July 23, 2009

French Direct on Alpamayo

Looking back at a busy Alpamayo High Camp (5400 meters). The yellow specks on the far looker's right are our tents. Last time I guided the peak in 2006, we were the only team on the mountain. If you look close, you can see a member of the German Team doing his business in the snow toilet on the extreme looker's right.

In just over 24 hours, I'll be back on board an Air Canada Jet heading for home. Man, the time goes fast. Admittedly, I feel a little stupid for not scheduling some extra time for personal climbing. Whenever I plan a work trip, I usually think that I'll be ready to go home when the work is done. Of course, this is never the case and I always wish that I'd given myself extra time.

But time is a funny thing. As fast as it may seem to go in the big picture, it also tends to move like the continental drift when discomfort or suffering is involved. Take summit days for example. When the alarm shocks me in to low-grade consciousness at 11:45 pm (like it did on Alpamayo a few days ago), I'll be damned if I don't find myself repeating the words, "This too shall pass. This too shall pass." At this point, I would pay many Nuevo Sols for time to speed up and for the day to be almost over (with everyone having reached the summit of course!). But no, time plods on and we are all forced to deal with it's untimely nature (sometimes too fast, other times too slow) in our own way.

The correct question at this point would be "Why in God's name were you waking up at 11:45 pm to climb Alpamayo?" I guess there are two answers to this question. 1) The Local Guide I was working with totally sandbagged me and set his alarm 15 minutes ahead of schedule (We were supposed to wake up at midnight). For this infraction he shall never be forgiven. 2) At exactly 2 am, there would be a group of about 12 hard, vey severe, Germanic Mountaineers gang-banging Alpamayo via fixed ropes. In order to avoid the melee, we opted to out-start them. I am still undecided whether or not we would have been better off getting shelled by falling ice than waking up at 11:45 pm.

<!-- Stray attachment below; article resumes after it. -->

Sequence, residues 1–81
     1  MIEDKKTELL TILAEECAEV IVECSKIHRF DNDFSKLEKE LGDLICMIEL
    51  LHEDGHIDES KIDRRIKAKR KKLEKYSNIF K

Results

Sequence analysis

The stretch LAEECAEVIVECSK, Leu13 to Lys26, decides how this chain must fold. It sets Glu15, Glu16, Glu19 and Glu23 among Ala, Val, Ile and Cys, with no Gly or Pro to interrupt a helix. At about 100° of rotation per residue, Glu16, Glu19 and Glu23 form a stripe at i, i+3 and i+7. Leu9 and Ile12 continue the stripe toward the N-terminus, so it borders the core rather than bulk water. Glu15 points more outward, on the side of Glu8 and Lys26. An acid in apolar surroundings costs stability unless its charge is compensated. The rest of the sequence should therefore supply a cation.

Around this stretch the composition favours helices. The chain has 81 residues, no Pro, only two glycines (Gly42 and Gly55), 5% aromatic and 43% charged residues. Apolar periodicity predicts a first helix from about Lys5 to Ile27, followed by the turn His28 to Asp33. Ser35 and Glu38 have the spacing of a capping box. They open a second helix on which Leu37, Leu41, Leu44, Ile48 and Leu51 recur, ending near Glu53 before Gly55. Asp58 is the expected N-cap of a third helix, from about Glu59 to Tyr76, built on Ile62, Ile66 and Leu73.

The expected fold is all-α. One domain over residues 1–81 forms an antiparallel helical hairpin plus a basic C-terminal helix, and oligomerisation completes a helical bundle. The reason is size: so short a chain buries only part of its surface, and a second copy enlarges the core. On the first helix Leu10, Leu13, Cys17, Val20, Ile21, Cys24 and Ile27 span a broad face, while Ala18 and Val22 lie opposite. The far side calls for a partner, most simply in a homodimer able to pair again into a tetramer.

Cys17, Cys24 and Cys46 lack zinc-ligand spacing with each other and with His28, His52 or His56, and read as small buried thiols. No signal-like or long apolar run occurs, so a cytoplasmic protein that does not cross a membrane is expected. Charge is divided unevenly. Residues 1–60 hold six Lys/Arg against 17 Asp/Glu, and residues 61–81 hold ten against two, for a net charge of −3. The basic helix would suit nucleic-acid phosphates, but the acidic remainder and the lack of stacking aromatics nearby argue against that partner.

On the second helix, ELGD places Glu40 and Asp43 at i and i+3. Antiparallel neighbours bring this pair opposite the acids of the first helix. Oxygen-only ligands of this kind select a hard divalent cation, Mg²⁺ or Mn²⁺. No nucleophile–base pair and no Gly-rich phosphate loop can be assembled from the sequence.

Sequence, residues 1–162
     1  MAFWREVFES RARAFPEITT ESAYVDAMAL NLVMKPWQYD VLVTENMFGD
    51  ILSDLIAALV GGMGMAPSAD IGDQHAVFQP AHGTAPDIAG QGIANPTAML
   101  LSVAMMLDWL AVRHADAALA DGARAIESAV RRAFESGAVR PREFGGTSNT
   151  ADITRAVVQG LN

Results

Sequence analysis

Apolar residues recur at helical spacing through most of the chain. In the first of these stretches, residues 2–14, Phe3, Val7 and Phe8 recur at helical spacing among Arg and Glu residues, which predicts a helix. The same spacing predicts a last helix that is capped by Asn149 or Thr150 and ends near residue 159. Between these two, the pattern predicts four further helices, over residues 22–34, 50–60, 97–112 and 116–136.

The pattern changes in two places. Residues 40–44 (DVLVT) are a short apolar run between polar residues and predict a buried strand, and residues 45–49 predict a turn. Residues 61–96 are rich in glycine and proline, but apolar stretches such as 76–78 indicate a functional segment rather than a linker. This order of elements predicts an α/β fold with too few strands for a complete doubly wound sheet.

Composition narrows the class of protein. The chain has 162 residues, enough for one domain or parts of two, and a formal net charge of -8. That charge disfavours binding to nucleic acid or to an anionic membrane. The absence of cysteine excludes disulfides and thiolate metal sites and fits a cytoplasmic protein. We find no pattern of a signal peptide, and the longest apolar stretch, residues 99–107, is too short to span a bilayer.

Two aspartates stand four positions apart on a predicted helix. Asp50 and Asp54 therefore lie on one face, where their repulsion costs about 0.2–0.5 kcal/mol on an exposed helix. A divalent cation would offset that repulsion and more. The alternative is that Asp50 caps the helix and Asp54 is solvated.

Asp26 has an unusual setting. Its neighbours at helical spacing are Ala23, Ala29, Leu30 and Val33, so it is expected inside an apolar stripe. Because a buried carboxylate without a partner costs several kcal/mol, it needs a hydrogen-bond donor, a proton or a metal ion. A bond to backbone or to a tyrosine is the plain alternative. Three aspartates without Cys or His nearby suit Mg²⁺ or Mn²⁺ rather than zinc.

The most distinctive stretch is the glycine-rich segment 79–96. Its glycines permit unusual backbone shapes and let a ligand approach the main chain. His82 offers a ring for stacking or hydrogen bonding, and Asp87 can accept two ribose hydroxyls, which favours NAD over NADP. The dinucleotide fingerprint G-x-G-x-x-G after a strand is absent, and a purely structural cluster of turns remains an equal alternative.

As usual, the Southern Hemisphere has been a good time. I'm sad to leave, but stoked to thrash around at The Back of The Lake in 48 hours.

This photo was taken in 2006 and shows the Basque-French Route (orange) that is commonly mistaken as the Ferrari Route, and the French Direct Route (red) that we climbed in 2009.

Approaching Alpamayo Base Camp (4350 meters).

Moraine Camp (5000 meters).

Approaching High Camp. Notice the spacing of this team's rope. This short-roping method insures that should a snow-bridge collapse, all members of the team will plummet into the same creavasse. This is the ultimate expression of a team's commitment to one another.

Preparing for war at Campo Alto (5400 meters).

Although the weather was relatively stable, there was a fair bit of precip for Peru. Of course, like all major events on the planet, the Locals related this entirely to the Lunar Cycle.

Belaying the fnal pitch of the French Direct. 6:30 am. Light snow. And a whole bunch of pissed off German climbers to my immediate left.

Me and Anne on Alpamayo's summit.

Laguna Ayuacocha (Lake of Shadows) that sits just above Base Camp. This is an excellent spot to recite poetry, have a picnic, and attempt to woo an unsuspecting mate. The Lake's beauty, combined with the dizzying effects of altitude, will almost certainly impair the judgement of the opposite sex.

If the scenery in the last photo doesn't work, try turning 180 degrees and gazing out upon Artesonraju.

If you can't score with this backdrop, the love was not meant to be.

As a last resort, you might want to try going black and white. This lighting tends to lessen the effects of age.

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